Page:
A third unique obstacle was Al Queda-linked ISIS which functioned as a regime fifth column. It gave the regime a propaganda bonus by framing the rebels as “terrorists” and thereby limiting outside assistance. It provided the regime with intelligence information about rebel intent and locations of HQs. It kidnapped, murdered or hand over rebel commanders and democratic activists sought by Assad. It even withdrew from key battlefields (Al Safira) at pre-arranged moments without firing a single bullet.

        Now that rebels are addressing that problem and benefitting from a great performance in Geneva, I think they’ll reap serious help others had previously withheld. Some is already arriving.

        CONCERNING THE THREE VICTORIES I DESCRIBED: They happened (except possibly for a second MIG as my use of the word “may” indicated). So which is it? Are you denying those victories occurred or are you demanding that I refrain from reporting them? What major victories has the Sectarian Alliance won since the pyrrhic one in June? What minor victories? The latter requires three things the regime lacks: abundant manpower, countrol of the countryside and overwhelming popular support. When Assad manages to seize something, notice how he invariably loses it again soon afterward.

      • Aleppo is the regime’s tar baby. It can’t afford to hand on but can’t let go. Every option is a bad one.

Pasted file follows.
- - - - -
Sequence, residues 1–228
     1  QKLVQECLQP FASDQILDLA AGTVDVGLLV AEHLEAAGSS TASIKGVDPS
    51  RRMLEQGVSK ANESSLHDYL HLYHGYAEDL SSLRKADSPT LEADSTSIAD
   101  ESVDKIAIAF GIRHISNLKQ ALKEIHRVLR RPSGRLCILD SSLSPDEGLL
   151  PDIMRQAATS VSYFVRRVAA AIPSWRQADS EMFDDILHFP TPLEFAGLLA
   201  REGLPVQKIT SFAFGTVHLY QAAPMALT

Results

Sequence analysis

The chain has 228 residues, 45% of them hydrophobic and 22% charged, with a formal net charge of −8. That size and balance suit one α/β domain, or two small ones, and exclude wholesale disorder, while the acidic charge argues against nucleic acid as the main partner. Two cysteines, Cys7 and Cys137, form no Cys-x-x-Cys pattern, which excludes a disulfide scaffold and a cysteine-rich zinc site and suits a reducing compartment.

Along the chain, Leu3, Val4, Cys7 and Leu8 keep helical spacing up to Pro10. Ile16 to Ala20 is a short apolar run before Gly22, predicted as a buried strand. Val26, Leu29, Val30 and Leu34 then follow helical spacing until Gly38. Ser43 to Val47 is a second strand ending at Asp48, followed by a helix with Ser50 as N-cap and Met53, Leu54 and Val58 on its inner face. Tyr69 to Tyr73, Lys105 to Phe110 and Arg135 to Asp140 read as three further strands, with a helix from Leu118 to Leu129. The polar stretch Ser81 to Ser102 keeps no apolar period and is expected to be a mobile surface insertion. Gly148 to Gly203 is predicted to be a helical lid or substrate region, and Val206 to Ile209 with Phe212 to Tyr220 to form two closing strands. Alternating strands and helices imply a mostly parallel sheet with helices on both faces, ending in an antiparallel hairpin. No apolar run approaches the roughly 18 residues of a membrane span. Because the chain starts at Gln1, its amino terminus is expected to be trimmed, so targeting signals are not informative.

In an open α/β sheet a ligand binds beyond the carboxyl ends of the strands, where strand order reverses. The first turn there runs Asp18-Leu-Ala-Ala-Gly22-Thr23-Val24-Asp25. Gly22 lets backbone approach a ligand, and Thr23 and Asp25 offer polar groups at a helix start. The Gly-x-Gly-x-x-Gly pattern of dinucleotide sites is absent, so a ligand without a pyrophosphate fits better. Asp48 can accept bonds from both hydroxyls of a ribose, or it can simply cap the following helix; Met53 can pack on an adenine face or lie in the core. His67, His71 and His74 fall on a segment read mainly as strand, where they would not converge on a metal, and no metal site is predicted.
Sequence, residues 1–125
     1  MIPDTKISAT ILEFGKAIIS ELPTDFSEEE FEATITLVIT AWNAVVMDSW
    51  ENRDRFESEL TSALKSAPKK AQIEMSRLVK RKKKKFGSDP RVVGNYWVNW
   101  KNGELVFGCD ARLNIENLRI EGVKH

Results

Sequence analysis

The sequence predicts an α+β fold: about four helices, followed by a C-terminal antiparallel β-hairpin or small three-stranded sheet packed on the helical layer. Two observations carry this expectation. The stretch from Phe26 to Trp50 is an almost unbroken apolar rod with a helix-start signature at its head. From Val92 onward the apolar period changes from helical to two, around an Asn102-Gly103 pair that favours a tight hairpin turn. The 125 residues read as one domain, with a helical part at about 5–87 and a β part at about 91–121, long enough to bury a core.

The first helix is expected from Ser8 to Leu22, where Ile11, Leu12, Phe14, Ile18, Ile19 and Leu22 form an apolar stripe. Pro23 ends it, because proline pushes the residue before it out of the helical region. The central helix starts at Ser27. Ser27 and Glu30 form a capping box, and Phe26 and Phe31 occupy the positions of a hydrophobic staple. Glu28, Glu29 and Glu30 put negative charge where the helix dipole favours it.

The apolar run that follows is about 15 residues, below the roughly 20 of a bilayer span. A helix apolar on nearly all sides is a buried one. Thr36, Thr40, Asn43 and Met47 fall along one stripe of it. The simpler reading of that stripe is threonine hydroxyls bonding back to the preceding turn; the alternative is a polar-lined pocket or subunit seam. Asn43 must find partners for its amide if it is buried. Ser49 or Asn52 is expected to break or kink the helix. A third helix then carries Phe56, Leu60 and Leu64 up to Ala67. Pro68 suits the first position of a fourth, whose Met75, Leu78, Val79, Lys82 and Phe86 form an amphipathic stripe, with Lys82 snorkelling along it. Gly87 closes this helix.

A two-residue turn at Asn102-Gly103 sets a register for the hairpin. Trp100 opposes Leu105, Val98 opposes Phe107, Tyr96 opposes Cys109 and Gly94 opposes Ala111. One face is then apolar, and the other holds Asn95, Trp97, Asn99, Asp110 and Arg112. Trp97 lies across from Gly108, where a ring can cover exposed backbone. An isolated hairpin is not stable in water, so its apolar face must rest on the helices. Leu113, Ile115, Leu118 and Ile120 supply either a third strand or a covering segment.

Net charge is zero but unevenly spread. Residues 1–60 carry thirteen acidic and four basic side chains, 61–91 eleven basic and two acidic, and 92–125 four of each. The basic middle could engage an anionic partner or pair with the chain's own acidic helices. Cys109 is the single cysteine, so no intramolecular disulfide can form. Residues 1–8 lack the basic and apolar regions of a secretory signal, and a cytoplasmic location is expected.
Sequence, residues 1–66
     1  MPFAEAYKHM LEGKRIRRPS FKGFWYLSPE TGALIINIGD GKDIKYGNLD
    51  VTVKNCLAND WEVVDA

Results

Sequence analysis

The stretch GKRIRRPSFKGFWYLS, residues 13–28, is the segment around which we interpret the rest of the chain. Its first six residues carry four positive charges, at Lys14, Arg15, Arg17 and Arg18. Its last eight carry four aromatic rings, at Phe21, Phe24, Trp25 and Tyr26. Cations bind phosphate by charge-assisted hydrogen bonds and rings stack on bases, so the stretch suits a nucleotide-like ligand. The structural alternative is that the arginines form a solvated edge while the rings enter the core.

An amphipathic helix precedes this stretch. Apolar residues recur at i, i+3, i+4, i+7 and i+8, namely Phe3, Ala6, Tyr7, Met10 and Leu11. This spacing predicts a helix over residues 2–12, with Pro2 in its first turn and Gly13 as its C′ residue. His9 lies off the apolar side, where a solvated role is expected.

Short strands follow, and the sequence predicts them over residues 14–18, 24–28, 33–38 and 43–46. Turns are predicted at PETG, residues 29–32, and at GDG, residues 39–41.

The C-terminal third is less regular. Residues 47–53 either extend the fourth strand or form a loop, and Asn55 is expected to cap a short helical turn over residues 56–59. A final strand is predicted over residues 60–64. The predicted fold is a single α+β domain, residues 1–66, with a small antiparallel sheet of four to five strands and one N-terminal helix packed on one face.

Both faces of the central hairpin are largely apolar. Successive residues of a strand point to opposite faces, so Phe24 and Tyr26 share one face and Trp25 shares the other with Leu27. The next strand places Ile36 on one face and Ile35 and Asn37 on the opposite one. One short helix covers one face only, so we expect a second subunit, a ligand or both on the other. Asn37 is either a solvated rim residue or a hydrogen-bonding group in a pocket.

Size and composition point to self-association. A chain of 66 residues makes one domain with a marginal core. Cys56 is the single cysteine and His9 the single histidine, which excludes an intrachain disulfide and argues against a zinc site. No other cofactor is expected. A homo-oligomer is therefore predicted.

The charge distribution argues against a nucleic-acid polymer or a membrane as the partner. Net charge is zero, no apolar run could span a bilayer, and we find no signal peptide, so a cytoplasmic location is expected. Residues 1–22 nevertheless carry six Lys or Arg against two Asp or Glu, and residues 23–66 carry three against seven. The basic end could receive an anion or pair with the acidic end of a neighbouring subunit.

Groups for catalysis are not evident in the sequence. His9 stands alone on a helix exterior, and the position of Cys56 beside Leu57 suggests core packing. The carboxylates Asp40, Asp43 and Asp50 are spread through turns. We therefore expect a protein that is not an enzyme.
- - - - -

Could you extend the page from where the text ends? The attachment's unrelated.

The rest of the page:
Letting the rebels take Aleppo would be fatal. The present contested status is not sustainable and costs the regime too much elsewhere. If Aleppo were take, those costs would double or worse. The expanded perimeter to be defended in a highly Sunni countryside would require substantially ore resources.

        In sum Assad would have acquired the equivalent to Napoleon’s “Spanish Ulcer” as a resource drainer. In terms of distance and logistics, why not seize the North Pole and attempt to hang on while things to South closer to home?

  2. Jarba Really Impressed Russia Who May Now See Him As a Superior Alternative to Assad

    The Christian Science writes, “Seeing Mr. Jarba addressing an international audience convinced some doubtful Syrians that the opposition has leaders that might be capable of leading a country – even one as destroyed and divided as Syria, some Syrian analysts say. Jarba made a point of including Syria’s disparate populations – even some that don’t favor the opposition – in his vision for Syria… In a sign of Jarba’s rising star, Russia announced that the opposition leader would meet with Foreign Minister Sergei Lavrov in Moscow on Tuesday. That announcement can’t be music to Assad’s ears. “